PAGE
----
Developing Fuel Map to Predict the Effect of Fuel Composition on the Maximum Efficiency of Solid Oxide Fuel Cells
At any given cell operating condition, a fuel map can be developed to predict the effect of a fuel containing carbon, hydrogen, oxygen and inert gas atoms on the maximum cell efficiency (MCE) of solid oxide fuel cells (SOFCs). To create a fuel map, a thermodynamic model is developed to obtain the fuels that would yield identical MCE for SOFCs. These fuels make a continuous curve in the ternary coordinate system. A fuel map is established by developing continuous fuel curves for different MCEs at the same operating condition of a cell and representing them in the carbon–hydrogen–oxygen (C–H–O) ternary diagram. The graphical representation of fuel maps can be applied to predict the effect of the fuel composition and fuel processor on the MCE of SOFCs. As a general result, among the fuels that can be directly utilized in SOFCs, at the same temperature and pressure, the one located at the intersection of the H–C axis and the carbon deposition boundary (CDB) curve in the C–H–O ternary diagram provides the highest MCE. For any fuel that can be indirectly utilized in SOFCs, the steam reforming fuel processor always yields a higher MCE than auto-thermal reforming or partial oxidation fuel processors at the same anode inlet fuel temperature.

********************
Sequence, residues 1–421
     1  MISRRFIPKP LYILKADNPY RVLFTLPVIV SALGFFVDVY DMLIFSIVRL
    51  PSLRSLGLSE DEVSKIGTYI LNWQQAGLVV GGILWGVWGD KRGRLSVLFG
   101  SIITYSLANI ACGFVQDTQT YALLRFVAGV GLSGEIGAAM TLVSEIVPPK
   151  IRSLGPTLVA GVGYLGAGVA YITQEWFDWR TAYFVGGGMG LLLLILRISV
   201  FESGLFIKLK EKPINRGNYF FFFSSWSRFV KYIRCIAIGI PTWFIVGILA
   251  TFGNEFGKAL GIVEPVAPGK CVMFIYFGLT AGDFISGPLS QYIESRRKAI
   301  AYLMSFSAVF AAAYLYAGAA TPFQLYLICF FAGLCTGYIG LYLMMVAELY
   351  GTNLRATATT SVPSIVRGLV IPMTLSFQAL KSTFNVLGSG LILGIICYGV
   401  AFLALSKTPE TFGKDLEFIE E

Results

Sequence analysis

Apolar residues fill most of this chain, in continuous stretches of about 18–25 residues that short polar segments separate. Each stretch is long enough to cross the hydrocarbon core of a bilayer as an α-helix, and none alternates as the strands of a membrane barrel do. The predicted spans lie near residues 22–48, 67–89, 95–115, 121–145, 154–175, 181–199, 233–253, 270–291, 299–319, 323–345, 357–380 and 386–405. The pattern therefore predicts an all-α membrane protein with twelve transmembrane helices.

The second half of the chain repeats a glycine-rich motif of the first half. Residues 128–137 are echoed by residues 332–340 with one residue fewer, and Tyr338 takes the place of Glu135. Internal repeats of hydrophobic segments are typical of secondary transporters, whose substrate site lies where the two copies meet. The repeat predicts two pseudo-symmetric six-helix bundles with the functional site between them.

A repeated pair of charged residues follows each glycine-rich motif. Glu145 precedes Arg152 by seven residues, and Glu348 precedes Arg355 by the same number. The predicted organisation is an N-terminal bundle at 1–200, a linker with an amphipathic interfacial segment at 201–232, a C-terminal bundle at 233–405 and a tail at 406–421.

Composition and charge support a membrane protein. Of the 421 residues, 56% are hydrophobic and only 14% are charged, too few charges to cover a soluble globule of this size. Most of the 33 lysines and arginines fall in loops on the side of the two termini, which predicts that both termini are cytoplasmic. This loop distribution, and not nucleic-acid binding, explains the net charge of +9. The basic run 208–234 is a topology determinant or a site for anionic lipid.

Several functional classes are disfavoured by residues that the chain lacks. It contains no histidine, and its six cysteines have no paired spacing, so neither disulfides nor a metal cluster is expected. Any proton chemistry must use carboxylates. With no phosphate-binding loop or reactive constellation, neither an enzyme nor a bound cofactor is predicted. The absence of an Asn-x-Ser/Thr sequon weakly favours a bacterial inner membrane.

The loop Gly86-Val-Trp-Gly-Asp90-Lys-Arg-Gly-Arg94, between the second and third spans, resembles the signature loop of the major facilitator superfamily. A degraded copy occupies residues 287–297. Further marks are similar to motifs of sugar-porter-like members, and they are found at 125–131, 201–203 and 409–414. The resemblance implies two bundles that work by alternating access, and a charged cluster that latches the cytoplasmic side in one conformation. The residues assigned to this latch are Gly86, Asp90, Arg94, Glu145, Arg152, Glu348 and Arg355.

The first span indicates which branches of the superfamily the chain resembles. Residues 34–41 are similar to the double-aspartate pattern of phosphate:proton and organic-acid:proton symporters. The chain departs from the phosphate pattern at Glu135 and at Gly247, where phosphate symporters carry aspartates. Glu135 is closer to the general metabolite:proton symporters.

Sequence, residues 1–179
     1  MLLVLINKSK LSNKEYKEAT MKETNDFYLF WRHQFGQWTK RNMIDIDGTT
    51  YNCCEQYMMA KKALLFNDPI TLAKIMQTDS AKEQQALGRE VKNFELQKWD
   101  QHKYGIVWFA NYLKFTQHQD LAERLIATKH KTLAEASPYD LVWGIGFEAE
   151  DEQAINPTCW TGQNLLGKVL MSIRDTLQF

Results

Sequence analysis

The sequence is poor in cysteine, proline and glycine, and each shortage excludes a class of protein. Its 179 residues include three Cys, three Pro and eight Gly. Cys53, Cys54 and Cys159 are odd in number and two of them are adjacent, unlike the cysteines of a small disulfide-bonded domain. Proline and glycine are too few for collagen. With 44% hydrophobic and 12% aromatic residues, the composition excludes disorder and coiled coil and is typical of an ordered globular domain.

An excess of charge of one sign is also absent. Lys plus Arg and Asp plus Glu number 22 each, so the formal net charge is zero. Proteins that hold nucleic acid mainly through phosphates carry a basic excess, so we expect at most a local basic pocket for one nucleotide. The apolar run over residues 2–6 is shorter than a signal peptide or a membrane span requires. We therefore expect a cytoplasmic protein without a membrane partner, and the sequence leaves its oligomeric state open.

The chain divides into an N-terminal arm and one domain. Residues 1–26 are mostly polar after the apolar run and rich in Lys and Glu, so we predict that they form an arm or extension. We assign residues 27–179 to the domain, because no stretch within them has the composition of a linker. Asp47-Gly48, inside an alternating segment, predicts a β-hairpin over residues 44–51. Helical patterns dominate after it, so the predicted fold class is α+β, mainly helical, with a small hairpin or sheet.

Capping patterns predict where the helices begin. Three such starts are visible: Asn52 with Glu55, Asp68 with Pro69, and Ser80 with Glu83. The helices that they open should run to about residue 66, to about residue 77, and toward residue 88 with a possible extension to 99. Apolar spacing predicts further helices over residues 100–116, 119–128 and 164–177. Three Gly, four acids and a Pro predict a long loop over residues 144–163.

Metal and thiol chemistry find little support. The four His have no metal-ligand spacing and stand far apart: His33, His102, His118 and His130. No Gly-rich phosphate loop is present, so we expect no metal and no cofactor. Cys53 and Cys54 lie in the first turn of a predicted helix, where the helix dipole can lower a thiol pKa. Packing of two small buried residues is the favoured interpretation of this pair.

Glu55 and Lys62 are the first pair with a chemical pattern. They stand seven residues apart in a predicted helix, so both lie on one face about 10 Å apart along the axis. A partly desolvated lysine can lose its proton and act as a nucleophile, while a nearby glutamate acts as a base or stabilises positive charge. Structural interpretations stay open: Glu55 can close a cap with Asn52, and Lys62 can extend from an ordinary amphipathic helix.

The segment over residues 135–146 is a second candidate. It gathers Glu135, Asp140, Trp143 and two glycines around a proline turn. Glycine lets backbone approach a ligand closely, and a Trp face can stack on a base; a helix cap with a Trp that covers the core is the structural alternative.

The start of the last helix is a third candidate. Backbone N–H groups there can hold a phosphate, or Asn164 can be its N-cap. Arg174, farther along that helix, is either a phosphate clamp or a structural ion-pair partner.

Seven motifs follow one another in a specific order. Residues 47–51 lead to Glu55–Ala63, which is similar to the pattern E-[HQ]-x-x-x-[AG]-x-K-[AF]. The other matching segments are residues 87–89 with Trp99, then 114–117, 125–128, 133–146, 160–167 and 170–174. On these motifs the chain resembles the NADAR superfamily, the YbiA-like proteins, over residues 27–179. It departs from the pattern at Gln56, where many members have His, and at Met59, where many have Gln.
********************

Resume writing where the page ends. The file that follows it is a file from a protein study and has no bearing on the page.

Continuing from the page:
Journal of Power Sources
Farhad, Siamak and Hamdullahpur, Feridun, "Developing Fuel Map to Predict the Effect of Fuel Composition on the Maximum Efficiency of Solid Oxide Fuel Cells" (2009). Mechanical Engineering Faculty Research. 258.